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Understanding the Methodological Foundations of Public Library National Rating Systems Ray Lyons Library Statistics for the 21st Century World IFLA Satellite Meeting - Montréal, Québec August 18 - 19, 2008. Milestones in Statistical Thinking. Historical account by Alain Desrosi è res:

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slide1

Understanding the Methodological Foundations of Public Library National Rating SystemsRay LyonsLibrary Statistics for the 21st Century WorldIFLA Satellite Meeting - Montréal, Québec August 18 - 19, 2008

milestones in statistical thinking
Milestones in Statistical Thinking
  • Historical account by Alain Desrosières:

The Politics of Large Numbers: A History of Statistical Reasoning (Harvard University Press, 1998)

  • Traces statistical ideas from 15th century to present day
  • Evolutionary ideas from German descriptive statistics and English political arithmetic pertinent to library statistical collection
slide3

Milestones in Statistical Thinking

Desrosières describes two key statistical practices:

  • Creation of equivalences
    • Establishing standard classifications to describe phenomena by focusing on similarities and ignoring differences
  • Encoding
    • Specification and use of definitions to assign individual cases to classifications
purpose of this presentation
Purpose of this Presentation

To suggest that creating equivalent classes and other aspects of statistical data collection limit the accuracy and validity of national and local public library comparisons.

national collection of public library statistics in the usa
National Collection of Public Library Statistics in the USA
  • Federal-State Cooperative System (FSCS)
  • Collaborative initiated in 1980’s
  • 1991 - First FSCS data published by U.S. Department of Education’s National Center for Educational Statistics
national collection of public library statistics in the usa1
National Collection of Public Library Statistics in the USA
  • Collection system renamed Public Library Statistics Cooperative (PLSC) in 2007
  • PLSC recently transferred to Institute of Museum and Library Services, an agency of the federal government (www.imls.gov)
national public library ratings introduced in usa
National Public Library Ratings Introduced in USA
  • Hennen’s American Public Library Ratings

(HAPLR)

  • Used FSCS input and output statistics for 9000+ public libraries
  • Created by library consultant Thomas Hennen (library director in Wisconsin)
  • Issued annually since 1999(except for 2000 and 2007)
slide8

Hennen’s American Public LibraryRatings (HAPLR)

  • Published (and endorsed) by American Library Association (ALA)
  • Calculation methods were controversial among profession
  • Highly-rated public libraries were delighted with calculation methods
  • “Methodologically indefensible and politically priceless” - US Library Director
slide9

Hennen’s American Public LibraryRatings (HAPLR)

  • Utilizes 5 enabling (input) indicators and

3 use (output) indicators

Enabling (Input)

Total staff

Materials expenditures

Total operating expenditures

Number of printed volumes

Serial subscriptions

Use (Output)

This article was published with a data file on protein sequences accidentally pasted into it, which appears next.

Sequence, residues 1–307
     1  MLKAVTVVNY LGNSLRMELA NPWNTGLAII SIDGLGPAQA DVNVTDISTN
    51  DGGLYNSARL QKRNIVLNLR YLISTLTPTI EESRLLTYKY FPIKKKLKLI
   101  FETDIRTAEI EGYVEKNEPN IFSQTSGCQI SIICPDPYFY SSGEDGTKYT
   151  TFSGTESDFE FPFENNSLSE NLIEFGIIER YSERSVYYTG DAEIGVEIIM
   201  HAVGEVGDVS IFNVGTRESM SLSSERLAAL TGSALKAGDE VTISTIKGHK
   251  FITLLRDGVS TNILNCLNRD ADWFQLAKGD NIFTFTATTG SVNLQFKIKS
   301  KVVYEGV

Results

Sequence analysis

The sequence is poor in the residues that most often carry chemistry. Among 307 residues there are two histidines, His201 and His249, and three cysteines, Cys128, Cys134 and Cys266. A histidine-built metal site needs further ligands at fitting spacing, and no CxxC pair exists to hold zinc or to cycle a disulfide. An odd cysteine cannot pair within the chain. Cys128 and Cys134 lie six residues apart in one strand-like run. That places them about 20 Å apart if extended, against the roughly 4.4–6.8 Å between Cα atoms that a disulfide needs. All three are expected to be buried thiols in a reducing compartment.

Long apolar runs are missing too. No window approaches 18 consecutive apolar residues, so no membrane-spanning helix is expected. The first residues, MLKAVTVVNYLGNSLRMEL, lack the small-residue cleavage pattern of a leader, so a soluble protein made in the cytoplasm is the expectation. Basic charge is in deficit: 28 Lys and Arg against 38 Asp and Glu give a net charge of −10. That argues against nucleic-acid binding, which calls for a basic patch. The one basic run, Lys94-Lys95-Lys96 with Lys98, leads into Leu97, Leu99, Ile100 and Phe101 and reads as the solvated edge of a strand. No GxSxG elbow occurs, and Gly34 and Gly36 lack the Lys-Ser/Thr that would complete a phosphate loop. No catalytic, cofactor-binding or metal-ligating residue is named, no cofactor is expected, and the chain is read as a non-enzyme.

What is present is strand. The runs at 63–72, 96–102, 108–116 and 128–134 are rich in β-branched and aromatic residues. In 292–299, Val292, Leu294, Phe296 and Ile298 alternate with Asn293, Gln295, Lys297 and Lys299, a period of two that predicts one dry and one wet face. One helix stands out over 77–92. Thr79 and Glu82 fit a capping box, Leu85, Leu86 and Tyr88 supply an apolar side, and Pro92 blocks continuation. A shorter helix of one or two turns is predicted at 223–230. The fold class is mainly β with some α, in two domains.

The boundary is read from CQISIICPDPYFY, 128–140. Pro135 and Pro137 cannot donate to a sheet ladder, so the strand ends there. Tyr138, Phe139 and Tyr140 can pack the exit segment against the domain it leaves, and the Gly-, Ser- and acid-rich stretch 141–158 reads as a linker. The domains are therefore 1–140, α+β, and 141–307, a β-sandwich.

Visits

Circulation (loans)

Reference transactions

hennen s american public library ratings haplr
Hennen’s American Public LibraryRatings (HAPLR)
  • Recombines 8 indicators into 15 rates (ratios), similar in style to BIX

(1)Total expenditures per capita

(2) Materials expenditures per total expenditures

(3) Materials expenditures per capita

(4) Staff per 1000 population

(5) Periodical subscriptions per 1000 population

. . . and 10 others

  • See www.haplr-index.com
study conducted at nclis
Study Conducted at NCLIS
  • 2006 research on HAPLR ratings methodology overseen by U.S. National Commission for Library and Information Science (NCLIS)

“Unsettling Scores: An Evaluation of the Hennen American Public Library Ratings, Public Library Quarterly, Volume 26, Numbers 3/4, 2007.

(ISSN 016-6846)

library journal s public library national ratings announced
Library Journal’s Public Library National Ratings Announced
  • LJ Index introduced June 2008*
  • Rates 9200 public libraries using PLSC data
  • Co-designed with Keith Lance (Library Research Service,State Library of Colorado)
  • Emphasizes disclosing limitations of rating methodology

Keith Curry Lance and Ray Lyons, “The New LJ Index,”

Library Journal, June 15, 2008, p. 38-41.

library journal s public library national ratings announced1
Library Journal’s Public Library National Ratings Announced
  • Encourages responsible interpretation of rating results
  • LJ Index based upon 4 use (output) indicators:
      • Visits
      • Loans (circulation)
      • Internet terminal use
      • Program attendance
public library ratings use composite scoring
Public Library Ratings UseComposite Scoring
  • HAPLR, BIX, and LJ Index each calculate a single composite score summarizing each library’s performance

Circulation per capita + FTE staffing +

Subscriptions + Internet computers +

. . . + Total program attendance

Calculation Algorithm

635 (Composite Score)

context of comparative library statistics
Context of Comparative Library Statistics

Comparative measures are:

Measures used as part of a more general process to assess library value and effectiveness